Incoming Chief Rabbi Ephraim Mirvis has been consulting with his rabbinate over whether he should attend the Limmud winter conference.
Rabbi Mirvis, who will be installed as Chief Rabbi on Sunday, held talks with his rabbis on Limmud and other issues last month, although he is keeping his decision close to his chest.
If he should attend, it would be a significant break from his predecessor Lord Sacks, who refused to attend the cross-communal education event during his 22 years of office.
One United Synagogue rabbi, who did not want to be named, believed that Rabbi Mirvis is ready to set a precedent.
“I think he will go, although whether it is this year or not, I don’t know. There are strong feelings on both sides among rabbis but the balance has shifted in favour of going.”
Last week, Lord Sacks, when asked if he would now be willing to attend after leaving office, said that he had not given the question serious thought but added that he wanted to “leave the arena clear for my successor”.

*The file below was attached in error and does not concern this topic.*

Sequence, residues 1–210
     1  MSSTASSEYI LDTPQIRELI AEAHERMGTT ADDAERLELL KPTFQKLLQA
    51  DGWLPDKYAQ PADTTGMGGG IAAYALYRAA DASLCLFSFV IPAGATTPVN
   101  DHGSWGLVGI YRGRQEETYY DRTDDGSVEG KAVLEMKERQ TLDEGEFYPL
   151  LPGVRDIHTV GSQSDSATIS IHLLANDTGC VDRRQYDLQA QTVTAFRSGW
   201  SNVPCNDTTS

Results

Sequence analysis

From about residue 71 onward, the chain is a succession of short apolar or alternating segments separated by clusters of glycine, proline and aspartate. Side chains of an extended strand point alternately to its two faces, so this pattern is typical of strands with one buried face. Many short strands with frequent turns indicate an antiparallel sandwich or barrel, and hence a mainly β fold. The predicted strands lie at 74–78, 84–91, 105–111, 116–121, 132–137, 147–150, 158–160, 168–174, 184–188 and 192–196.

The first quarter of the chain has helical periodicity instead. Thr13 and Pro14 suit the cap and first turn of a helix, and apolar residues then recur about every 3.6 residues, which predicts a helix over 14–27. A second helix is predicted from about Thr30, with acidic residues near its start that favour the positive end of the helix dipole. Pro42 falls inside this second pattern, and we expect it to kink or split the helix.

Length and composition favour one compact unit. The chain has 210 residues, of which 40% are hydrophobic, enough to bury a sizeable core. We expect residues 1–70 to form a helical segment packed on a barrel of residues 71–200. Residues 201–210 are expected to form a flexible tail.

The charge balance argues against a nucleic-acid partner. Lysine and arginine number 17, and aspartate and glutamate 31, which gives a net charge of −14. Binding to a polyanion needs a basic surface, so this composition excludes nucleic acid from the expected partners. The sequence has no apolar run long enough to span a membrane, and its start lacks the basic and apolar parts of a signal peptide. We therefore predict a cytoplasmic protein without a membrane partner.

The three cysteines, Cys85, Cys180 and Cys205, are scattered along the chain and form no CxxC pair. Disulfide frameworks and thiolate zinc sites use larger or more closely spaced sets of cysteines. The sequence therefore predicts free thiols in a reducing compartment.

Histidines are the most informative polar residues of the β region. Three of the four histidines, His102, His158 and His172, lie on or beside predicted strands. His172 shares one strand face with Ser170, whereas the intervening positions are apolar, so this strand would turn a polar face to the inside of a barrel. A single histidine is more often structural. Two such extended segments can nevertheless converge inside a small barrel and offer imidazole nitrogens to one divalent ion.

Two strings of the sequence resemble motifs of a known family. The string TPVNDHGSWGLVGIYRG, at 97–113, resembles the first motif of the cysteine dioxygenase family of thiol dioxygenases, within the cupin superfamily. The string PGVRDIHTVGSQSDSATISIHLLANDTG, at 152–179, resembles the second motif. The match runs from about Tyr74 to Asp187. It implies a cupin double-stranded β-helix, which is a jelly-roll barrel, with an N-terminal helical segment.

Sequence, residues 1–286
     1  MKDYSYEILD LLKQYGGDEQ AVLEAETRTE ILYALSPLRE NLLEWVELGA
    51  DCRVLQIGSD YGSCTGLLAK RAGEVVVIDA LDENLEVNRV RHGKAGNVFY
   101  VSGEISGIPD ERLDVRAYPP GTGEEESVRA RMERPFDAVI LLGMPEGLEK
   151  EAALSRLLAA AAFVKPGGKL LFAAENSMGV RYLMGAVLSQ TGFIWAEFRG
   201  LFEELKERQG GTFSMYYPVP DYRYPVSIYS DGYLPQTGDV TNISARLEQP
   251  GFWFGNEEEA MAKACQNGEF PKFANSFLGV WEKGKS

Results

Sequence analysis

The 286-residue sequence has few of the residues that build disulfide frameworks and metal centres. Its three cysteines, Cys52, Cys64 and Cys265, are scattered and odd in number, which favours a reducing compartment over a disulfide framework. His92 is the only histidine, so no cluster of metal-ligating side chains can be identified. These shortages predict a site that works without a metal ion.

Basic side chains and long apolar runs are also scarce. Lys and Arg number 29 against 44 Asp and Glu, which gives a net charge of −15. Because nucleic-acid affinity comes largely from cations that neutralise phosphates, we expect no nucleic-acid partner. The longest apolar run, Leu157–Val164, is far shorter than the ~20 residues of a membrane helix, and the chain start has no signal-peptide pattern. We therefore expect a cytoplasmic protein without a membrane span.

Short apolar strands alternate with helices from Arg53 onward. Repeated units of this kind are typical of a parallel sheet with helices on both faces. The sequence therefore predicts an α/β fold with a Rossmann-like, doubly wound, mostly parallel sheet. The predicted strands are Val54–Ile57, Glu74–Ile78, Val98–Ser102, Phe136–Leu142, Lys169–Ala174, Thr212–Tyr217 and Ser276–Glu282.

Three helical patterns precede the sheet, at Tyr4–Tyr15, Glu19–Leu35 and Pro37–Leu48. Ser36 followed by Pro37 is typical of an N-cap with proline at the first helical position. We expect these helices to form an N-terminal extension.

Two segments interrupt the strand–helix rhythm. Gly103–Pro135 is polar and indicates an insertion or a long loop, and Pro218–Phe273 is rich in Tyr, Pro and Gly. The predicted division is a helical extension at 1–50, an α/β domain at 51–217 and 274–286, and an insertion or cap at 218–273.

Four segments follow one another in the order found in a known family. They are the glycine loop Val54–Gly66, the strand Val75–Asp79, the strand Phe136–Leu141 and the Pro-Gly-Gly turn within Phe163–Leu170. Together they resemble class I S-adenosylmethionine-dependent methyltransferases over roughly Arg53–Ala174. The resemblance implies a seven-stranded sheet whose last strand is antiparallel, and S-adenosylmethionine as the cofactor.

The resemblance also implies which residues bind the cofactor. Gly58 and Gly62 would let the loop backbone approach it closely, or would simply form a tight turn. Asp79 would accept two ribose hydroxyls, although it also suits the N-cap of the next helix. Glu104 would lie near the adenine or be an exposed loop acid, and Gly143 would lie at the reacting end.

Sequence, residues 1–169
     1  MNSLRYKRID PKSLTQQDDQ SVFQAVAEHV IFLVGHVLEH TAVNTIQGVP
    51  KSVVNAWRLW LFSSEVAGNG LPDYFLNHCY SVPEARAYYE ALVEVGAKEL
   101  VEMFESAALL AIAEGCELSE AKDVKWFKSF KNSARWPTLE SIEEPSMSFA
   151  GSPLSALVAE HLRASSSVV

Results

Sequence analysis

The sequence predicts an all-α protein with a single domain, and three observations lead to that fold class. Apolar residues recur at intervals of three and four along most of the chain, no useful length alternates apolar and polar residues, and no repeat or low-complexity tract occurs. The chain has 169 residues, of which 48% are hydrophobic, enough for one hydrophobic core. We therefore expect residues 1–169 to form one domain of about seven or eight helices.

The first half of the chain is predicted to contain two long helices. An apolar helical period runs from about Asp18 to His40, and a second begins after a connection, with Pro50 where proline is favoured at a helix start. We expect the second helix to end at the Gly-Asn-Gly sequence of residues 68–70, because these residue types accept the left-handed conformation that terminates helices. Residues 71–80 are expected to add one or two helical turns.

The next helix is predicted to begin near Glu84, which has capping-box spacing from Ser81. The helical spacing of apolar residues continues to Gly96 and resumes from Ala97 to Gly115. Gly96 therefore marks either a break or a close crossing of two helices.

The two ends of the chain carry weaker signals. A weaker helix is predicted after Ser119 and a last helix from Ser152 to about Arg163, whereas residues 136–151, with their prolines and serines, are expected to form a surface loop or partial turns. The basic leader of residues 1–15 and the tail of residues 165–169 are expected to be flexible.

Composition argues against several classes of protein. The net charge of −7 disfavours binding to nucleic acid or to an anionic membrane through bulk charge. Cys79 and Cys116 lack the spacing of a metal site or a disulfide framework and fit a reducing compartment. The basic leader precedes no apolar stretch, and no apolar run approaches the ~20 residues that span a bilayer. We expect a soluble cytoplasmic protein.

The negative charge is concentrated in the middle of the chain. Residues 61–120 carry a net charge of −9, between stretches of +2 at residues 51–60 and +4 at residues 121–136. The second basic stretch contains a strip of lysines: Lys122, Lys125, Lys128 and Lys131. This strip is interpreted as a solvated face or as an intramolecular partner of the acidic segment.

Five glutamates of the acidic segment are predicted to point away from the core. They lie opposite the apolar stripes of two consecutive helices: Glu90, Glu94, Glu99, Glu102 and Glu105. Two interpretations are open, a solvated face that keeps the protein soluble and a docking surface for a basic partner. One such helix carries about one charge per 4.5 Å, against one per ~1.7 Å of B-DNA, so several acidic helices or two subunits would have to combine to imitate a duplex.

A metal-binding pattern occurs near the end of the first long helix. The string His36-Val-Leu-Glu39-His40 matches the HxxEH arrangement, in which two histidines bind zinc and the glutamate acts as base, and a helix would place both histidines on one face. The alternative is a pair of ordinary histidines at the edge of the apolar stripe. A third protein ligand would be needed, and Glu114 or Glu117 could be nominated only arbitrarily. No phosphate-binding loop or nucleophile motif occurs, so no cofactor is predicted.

So far only a minority of United Synagogue and regional Orthodox rabbis have been prepared to appear at the event. Those who object to it do so because of the presence of non-Orthodox rabbis teaching Torah.
One Limmud regular, Rabbi Michael Harris, of Hampstead United Synagogue, said: “It’s a place we need to be and I hope Rabbi Mirvis will be there.”
Another US rabbi, Barry Marcus, of Central Synagogue, saw no problem with Rabbi Mirvis attending. “I don’t see that Judaism has collapsed because Orthodox rabbis have gone to Limmud,” he said. “It’s become such a major issue whereas it shouldn’t be an issue at all.”
In 1995, Lord Sacks said that rabbis could attend Limmud at their own discretion but stayed away himself to avoid an open show of difference from his Beth Din, who opposed the participation of Orthodox rabbis.